The English landmark that crossed the Atlantic

London Bridge in America by Travis Elborough

London Bridge in America by Travis Elborough - Credit: Archant

The story of how London Bridge went to America has become one of the city’s modern legends. Rumour has it a canny British negotiator hustled the 19th century structure to a group of businessmen who believed that they were buying its far more attractive neighbour, Tower Bridge.

In London Bridge in America: The Tall Story of a Transatlantic Crossing, which is being rereleased in paperback, Travis Elborough unravels the myth in a tale of Fleet Street shysters, industrialists and Disneyland designers.

“What happened was that the 1831 London Bridge, which was designed by the great Scottish engineer John Rennie, was put up for sale in the 1960s,” the Stoke Newington resident says.

“It was one of the heaviest structures in London and was sinking by about an eighth of an inch each year into the Thames.

“The area was going through a period of tremendous change in transport with the arrival of motorways, so the City of London Corporation decided to replace it with a new bridge to deal with this modern, Mini-driving city.”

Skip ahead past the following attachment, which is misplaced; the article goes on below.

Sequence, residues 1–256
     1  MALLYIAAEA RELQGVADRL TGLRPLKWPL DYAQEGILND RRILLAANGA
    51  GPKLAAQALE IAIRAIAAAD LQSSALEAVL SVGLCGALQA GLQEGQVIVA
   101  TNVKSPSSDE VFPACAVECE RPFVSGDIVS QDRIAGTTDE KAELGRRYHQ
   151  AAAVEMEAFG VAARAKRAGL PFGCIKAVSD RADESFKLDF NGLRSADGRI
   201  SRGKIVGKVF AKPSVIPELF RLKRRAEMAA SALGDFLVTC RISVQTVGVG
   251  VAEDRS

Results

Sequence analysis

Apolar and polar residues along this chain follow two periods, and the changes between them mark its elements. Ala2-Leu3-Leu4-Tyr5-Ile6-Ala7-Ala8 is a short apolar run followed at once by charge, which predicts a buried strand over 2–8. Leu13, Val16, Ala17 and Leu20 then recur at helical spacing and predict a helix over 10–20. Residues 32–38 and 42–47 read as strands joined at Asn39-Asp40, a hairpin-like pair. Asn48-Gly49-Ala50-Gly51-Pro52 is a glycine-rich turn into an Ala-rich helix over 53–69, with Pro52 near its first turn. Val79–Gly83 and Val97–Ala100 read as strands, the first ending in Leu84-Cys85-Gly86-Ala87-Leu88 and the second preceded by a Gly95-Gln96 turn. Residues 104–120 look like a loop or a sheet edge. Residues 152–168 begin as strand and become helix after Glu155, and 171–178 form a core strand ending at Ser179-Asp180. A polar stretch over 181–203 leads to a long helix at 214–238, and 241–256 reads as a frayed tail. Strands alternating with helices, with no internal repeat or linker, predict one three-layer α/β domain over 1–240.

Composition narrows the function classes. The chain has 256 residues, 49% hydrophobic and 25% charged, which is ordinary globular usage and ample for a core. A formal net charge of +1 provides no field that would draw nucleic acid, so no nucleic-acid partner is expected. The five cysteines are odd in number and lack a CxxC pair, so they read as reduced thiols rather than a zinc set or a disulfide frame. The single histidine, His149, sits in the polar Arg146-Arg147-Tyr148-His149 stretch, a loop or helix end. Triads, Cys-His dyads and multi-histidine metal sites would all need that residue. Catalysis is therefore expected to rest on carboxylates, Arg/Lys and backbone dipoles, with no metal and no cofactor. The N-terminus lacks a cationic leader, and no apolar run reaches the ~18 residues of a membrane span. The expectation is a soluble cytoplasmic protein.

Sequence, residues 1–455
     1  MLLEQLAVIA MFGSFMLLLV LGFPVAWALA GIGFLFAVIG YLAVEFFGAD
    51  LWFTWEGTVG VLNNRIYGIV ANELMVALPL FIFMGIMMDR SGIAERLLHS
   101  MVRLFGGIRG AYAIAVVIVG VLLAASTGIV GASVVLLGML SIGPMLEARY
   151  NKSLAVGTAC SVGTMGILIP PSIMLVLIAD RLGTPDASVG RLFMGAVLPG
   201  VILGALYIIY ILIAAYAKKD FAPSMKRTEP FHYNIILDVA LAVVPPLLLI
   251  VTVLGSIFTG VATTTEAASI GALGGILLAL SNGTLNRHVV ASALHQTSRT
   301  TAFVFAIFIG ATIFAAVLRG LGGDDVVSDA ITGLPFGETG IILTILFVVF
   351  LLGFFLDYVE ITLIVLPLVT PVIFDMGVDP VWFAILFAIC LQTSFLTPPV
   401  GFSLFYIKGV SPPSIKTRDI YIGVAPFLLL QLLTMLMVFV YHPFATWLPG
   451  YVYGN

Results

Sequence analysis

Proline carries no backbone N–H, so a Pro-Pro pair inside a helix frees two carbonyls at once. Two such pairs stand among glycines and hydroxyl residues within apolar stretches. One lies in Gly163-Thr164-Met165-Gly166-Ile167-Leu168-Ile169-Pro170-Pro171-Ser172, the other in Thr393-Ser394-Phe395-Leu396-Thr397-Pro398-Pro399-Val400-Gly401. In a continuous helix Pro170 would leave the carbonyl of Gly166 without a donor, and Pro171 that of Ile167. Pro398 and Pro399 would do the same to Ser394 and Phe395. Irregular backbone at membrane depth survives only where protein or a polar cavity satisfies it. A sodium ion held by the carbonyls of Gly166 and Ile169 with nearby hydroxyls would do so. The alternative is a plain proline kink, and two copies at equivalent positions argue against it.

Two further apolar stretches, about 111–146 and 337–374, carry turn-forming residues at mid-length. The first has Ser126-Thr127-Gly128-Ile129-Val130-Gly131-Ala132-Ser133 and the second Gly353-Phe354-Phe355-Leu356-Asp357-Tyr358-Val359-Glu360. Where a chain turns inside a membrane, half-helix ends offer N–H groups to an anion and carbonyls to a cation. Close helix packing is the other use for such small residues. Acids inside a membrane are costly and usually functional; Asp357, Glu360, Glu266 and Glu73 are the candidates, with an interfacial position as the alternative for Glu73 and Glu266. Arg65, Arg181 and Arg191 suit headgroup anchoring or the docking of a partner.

The corporation’s Ivan Luckin proposed selling the bridge and although most thought the idea preposterous, he insisted they should settle for no less than £1million.

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“The buyers he eventually found were extraordinary American businessmen. Robert Paxton McCulloch was most famous for inventing the one-man operated chainsaw and as a young man had a lot of experience in motoring,” adds Elborough. “His business partner, C.V. Wood, was a former theme park designer who had a hand in the construction of Disneyland.”

The granite bridge was transported 5,000 miles to Lake Havasu, Arizona – a desert area which McCulloch subsequently developed into the Lake Havasu City leisure resort it is today.

Investigating previous incarnations of the bridge, Elborough discovers it had a role as far back as Anglo-Saxon times, when it was used to hurl suspected witches into the water in the midst of trials.

While he admits that the Tower Bridge misunderstanding is “extremely unlikely” in reality, the truth behind this incredible journey proves equally entertaining .

London Bridge in America: The Tall Story of a Transatlantic Crossing by Travis Elborough (Vintage) is out now, priced £8.99.

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